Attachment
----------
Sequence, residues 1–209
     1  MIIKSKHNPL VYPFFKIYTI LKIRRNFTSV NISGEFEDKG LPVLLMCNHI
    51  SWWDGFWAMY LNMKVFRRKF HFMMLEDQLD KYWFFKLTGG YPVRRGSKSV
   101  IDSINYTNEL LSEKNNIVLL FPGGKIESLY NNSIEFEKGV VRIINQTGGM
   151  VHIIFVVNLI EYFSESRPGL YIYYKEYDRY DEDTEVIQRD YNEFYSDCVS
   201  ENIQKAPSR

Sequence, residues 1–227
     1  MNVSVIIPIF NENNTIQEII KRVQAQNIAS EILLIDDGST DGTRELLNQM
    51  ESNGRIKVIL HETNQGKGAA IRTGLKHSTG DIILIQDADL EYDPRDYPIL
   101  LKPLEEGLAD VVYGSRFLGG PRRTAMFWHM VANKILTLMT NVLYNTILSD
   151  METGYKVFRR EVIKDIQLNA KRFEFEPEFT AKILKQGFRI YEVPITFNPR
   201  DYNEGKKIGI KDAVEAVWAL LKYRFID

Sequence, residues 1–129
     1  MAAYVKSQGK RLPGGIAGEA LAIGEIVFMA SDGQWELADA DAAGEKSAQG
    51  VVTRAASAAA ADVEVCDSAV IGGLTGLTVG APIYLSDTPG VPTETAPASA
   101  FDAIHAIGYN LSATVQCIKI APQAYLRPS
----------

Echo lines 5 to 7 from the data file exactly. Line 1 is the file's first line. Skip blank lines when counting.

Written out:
   151  VHIIFVVNLI EYFSESRPGL YIYYKEYDRY DEDTEVIQRD YNEFYSDCVS
   201  ENIQKAPSR

Sequence, residues 1–227